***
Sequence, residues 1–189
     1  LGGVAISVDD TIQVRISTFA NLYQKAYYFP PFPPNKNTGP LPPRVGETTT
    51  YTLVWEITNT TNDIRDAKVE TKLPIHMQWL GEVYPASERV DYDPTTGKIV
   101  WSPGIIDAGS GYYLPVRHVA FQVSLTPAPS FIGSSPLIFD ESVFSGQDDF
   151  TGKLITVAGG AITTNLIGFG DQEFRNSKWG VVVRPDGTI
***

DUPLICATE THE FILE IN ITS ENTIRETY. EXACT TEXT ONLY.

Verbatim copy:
Sequence, residues 1–189
     1  LGGVAISVDD TIQVRISTFA NLYQKAYYFP PFPPNKNTGP LPPRVGETTT
    51  YTLVWEITNT TNDIRDAKVE TKLPIHMQWL GEVYPASERV DYDPTTGKIV
   101  WSPGIIDAGS GYYLPVRHVA FQVSLTPAPS FIGSSPLIFD ESVFSGQDDF
   151  TGKLITVAGG AITTNLIGFG DQEFRNSKWG VVVRPDGTI